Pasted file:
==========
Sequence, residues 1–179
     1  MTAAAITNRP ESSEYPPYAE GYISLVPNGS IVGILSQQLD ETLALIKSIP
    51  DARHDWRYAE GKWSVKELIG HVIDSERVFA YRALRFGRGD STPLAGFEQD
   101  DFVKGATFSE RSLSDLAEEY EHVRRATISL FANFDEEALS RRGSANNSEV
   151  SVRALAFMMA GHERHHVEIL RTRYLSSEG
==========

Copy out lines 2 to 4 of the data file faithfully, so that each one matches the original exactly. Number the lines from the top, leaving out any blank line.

     1  MTAAAITNRP ESSEYPPYAE GYISLVPNGS IVGILSQQLD ETLALIKSIP
    51  DARHDWRYAE GKWSVKELIG HVIDSERVFA YRALRFGRGD STPLAGFEQD
   101  DFVKGATFSE RSLSDLAEEY EHVRRATISL FANFDEEALS RRGSANNSEV